For What It’s Worth: My Jefferson Friends

Over the years of writing for various publications, I would use friends who lived in Jefferson as characters in my stories if I need to get a point across. In the last few months I lost two of those friends and I think they are worth mentioning again.

Al Dely, was the owner of Hilltop Exxon on Route 15. He came off as an old curmudgeon, like me, but he had a heart of gold and if he liked you, he would talk to you all day. I used Al’s knowledge of life because it showed me that most problems had a simple solution and it was our generation that complicated our lives. He was from part of the “Greatest Generation” that did not panic at every little problem that passes by us in our lives.

“People just don’t use the common sense God gave them,” he once said to me. He was right.

When I moved to Jefferson, 30 years ago, Rich Perry was the fire chief. He said he hated the job because all he did was go to the funerals of the other past Jefferson fire chiefs. Rich and I worked in the facilities group of R.J.R. Nabisco and we had nothing in common but I could make him laugh at a drop of a hat. About his laugh, it was a loud booming laugh that could be heard throughout the halls of Nabisco and was infectious. He laughed and that would set off a chain of laughter all around him. Rich was the man who would set up Nabisco Family Day at Christmas time, put up the ten Lionel train sets in the lobby and along with his men, built a full size working carousel for the two day Christmas event.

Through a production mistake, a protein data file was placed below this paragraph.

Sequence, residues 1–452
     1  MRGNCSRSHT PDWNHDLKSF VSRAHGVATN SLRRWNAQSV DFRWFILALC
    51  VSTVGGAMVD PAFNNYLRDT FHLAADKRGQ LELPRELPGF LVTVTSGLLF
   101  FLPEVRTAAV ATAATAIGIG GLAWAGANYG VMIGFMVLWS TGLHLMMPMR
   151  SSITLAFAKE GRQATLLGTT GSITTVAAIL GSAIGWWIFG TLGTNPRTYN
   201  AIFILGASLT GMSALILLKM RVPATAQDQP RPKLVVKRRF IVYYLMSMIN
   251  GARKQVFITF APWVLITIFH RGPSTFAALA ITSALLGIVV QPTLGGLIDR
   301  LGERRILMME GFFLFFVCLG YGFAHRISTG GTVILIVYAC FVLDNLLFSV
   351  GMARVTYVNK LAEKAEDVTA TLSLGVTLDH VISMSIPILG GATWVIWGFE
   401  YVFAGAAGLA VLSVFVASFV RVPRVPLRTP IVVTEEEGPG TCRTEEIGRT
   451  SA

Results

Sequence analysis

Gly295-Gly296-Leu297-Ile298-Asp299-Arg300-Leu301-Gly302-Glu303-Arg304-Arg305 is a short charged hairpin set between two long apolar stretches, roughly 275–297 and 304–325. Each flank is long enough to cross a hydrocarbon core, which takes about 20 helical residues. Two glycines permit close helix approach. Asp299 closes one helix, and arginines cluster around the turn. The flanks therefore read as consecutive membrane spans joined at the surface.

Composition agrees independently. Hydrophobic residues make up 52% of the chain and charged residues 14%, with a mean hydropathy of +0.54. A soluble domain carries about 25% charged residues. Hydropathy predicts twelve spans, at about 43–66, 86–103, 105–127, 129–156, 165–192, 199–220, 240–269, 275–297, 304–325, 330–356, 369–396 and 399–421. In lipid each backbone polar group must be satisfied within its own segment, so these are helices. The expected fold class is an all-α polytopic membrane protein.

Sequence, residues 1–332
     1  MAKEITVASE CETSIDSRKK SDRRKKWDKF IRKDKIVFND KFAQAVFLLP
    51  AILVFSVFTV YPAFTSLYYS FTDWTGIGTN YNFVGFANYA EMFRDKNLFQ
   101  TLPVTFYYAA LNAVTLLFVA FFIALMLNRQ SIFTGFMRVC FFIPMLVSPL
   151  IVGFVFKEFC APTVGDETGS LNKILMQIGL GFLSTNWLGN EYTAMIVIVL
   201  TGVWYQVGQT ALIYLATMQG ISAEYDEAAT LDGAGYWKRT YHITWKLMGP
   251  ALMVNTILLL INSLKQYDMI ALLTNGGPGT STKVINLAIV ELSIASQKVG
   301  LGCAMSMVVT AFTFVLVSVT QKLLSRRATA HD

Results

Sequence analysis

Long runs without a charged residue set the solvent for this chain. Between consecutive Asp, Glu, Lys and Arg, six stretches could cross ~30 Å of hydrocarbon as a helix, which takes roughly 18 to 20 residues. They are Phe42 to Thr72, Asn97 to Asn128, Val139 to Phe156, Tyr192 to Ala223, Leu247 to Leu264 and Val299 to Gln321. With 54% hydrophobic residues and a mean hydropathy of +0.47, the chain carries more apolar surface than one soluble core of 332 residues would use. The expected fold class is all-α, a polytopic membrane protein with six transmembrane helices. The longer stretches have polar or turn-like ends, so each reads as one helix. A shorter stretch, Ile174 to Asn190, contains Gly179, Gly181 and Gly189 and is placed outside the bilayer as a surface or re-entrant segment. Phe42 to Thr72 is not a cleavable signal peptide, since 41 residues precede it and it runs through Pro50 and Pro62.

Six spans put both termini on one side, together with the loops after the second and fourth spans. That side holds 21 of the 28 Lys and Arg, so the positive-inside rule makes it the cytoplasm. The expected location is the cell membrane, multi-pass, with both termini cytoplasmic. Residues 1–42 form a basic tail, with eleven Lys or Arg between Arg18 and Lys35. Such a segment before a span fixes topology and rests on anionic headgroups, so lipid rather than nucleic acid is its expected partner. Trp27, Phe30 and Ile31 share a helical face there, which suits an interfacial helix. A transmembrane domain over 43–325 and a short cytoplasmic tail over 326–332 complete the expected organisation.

When he heard that I was moving to town he first said, “There goes the neighborhood!” but was at my house the first day to assure me that it was a good house.

He saved my house by showing me where the main water shut off valve was as the pipe in my shower broke off and water was going into the living room. Hey, Bob Vila I’m not! All he could do was laugh as I stood in the bath tub looking like a scared drowned rat.

I found out that I had acrophobia when, I climbed on the roof of my house to repair something and could not come down. I didn’t think I was so high up and looking down the ground got farther and farther away. About an hour later my wife noticed I was not down yet and finally came out to see me hugging the chimney. She did try to talk me down but when that did not work she called Rich. Now to add insult to injury, Rich pulls up with a fire truck, gets on the bullhorn and starts laughing! After a half hour of “what goes up must come down” jokes he finally got me to take the first step down the ladder. That was Rich Perry.

The town of Jefferson lost two sons and me two friends.

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Tony is a 30 year resident of Lake Hopatcong, New Jersey. He is a graduate of Ramapo College with a degree in American Literature and has his New Jersey Teacher’s Certificate. He also has his MBA in Business from FDU. Tony wrote for AIM and had his own column, "For What It’s Worth," for 9 years. He recently retired after working for 46 years in the corporate world.

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